Welcome to the early days of Longenblog. Before we get too far into this, here are a few thoughts about what I’m trying to do here.
Eventually, I’d like this to be a semi-regular look at Seattle’s theatre scene, with occasional “think pieces” about theater and its role in society, the give-and-take between artists and critics, and the importance of playwrights in the middle of this whole mish-mash of art, commerce and opinion. I’m hopeful that as someone with over twenty years of experience in theatre in different forms (director, playwright, former critic, semi-retired arts journalist, current PR professional), I can explore these issues from some complementary and unusual angles.
But right now what I’m doing is working through my ambivalence about blogging.
Consider: my last blog, an interview with the tremendously personable and talented Montana von Fliss, was completed over two months ago, but I only posted it when I realized with a shock that von Fliss had just opened “Cancer: the Musical!,” a project that was but a gleam in her eye when we’d last spoken. The prospect of avoiding Montana for the rest of our lives so that she didn't ask me, quite reasonably, whatever happened to that lengthy phone interview she gave me finally forced me to action, and with a grimace I went ahead and posted the piece.
Yes, that’s right: I was shamed into blogging.
Why? What’s the big deal about posting some thoughts on the Internet?
There are three things that really bug me about blogs.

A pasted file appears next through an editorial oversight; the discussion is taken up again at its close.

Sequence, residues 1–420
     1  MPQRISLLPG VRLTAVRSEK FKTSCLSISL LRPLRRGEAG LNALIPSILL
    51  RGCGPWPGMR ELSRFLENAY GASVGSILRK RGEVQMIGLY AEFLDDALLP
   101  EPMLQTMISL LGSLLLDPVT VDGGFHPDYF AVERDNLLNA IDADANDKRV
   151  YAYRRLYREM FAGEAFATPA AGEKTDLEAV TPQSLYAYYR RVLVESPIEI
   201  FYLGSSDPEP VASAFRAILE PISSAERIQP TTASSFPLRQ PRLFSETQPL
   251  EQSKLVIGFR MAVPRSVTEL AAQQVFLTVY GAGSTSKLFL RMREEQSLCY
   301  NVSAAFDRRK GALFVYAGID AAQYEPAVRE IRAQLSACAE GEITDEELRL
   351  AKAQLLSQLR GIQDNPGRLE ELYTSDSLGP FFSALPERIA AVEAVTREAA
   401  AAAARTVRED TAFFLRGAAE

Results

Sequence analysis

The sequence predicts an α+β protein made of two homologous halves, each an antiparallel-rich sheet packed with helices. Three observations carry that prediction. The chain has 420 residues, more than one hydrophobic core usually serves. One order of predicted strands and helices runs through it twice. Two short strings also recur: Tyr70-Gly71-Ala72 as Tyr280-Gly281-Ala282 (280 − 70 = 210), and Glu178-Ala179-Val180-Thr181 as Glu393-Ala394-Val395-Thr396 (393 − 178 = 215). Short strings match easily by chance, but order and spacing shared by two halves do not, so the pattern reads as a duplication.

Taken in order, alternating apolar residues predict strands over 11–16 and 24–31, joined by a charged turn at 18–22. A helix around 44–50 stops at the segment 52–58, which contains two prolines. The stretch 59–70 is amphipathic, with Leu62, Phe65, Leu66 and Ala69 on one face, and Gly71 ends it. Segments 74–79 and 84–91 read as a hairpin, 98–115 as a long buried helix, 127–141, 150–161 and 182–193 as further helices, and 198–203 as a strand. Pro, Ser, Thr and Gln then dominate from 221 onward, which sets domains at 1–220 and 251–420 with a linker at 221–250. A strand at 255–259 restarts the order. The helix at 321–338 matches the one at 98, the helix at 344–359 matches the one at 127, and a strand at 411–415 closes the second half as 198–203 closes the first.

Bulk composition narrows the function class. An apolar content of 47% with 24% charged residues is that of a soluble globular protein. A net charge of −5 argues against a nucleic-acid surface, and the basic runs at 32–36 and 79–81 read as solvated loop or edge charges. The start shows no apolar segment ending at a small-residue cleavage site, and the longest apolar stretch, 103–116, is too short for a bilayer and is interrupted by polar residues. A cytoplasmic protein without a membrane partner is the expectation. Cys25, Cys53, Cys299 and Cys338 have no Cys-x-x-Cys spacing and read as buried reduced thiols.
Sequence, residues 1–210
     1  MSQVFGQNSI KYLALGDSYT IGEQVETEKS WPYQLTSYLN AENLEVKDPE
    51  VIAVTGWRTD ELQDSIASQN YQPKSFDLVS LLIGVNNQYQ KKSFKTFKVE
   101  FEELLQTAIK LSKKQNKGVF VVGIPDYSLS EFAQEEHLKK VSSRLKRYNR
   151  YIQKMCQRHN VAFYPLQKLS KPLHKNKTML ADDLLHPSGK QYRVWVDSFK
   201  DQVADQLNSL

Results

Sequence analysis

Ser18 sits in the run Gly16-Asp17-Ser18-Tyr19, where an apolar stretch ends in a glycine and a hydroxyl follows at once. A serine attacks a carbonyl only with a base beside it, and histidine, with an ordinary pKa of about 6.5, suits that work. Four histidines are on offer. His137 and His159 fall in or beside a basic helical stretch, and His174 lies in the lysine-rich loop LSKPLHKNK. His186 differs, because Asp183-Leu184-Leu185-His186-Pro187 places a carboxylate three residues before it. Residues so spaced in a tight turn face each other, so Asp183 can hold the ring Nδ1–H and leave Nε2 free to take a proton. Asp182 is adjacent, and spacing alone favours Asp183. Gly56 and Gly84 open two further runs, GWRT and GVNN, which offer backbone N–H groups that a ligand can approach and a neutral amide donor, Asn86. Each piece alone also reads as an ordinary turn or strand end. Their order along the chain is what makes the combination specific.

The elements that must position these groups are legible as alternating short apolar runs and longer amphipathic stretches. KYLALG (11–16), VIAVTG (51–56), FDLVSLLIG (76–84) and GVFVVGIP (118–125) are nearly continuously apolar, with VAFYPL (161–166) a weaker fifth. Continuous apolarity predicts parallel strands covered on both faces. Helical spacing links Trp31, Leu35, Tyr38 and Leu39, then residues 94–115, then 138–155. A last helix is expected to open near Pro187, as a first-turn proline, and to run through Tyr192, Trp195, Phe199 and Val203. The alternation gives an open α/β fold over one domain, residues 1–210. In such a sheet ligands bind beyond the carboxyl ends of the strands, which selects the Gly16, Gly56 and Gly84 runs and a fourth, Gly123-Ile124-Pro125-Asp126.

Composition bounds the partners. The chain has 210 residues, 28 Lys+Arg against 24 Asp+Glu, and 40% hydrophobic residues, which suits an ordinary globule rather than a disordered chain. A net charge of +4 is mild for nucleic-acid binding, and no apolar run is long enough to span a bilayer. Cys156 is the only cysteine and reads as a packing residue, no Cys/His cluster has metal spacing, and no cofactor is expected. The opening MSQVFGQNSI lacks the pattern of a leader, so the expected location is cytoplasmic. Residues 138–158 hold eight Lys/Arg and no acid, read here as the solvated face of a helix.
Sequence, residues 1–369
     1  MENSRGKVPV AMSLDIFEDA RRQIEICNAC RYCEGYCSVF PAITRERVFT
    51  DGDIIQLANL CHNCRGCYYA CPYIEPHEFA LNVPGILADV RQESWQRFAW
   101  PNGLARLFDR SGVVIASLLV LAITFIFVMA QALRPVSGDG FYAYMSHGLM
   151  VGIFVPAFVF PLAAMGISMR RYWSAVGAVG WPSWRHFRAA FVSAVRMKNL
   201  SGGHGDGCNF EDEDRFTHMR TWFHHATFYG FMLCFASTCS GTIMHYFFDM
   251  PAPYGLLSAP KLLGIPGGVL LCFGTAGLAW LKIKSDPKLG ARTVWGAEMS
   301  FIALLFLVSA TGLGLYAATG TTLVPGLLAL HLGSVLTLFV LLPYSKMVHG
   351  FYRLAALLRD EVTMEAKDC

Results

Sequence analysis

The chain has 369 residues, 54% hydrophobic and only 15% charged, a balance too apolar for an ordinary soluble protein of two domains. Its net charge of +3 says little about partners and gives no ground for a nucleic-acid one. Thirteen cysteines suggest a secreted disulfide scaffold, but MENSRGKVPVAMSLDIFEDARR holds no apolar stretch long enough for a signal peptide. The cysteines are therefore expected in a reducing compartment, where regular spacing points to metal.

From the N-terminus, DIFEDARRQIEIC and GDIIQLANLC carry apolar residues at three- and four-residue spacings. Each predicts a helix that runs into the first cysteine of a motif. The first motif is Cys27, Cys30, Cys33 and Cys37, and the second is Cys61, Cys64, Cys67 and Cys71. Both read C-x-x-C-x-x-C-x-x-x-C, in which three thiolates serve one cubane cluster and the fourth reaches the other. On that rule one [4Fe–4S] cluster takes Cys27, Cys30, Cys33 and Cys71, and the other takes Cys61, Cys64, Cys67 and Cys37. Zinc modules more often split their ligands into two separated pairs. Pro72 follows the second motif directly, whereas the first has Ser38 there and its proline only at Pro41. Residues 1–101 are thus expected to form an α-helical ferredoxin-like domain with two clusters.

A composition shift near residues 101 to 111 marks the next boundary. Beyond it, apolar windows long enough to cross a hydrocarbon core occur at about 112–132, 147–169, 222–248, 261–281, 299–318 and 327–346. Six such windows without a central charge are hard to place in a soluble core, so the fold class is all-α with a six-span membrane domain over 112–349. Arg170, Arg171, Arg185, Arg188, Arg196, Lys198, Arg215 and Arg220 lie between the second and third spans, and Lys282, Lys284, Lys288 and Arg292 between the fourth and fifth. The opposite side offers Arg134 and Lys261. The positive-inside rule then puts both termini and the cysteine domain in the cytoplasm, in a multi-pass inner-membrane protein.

1) No editor. Editors catch small and stupid mistakes that I’m prone to, like misspelled names and the occasional ungrammatical construction. What’s more, once you've experienced a good editor, unedited writing feels flabby and half-baked. (For example, a good editor might have told me that this entire post was a bad idea.)
2) No deadlines. Usually provided by editors, these largely arbitrary dates have the magical ability to put actual writing on an empty page when nothing else will.
3) No pay. Since the mechanics of actually making money from blogging are esoteric and involve such loathsome apparatus as selling ads and self-promotion (I kid—somewhat), the whole effort feels like a hobby. I moved from writing as a hobby to a profession about 15 years ago, and it’s strange and a little annoying to take this step back.
So there you go! Add these to all of the other reasons for not writing—and like any writers I have an impressive list—and you can see that keeping this regularly updated is going to be a struggle.
A little encouragement goes a long way though. If you've come across this blog and want to give me some feedback, please comment below or drop me a note. It’s always grand for a writer to know that one’s work isn't a proverbial tree in the silent forest, and that someone, somewhere, has taken a look.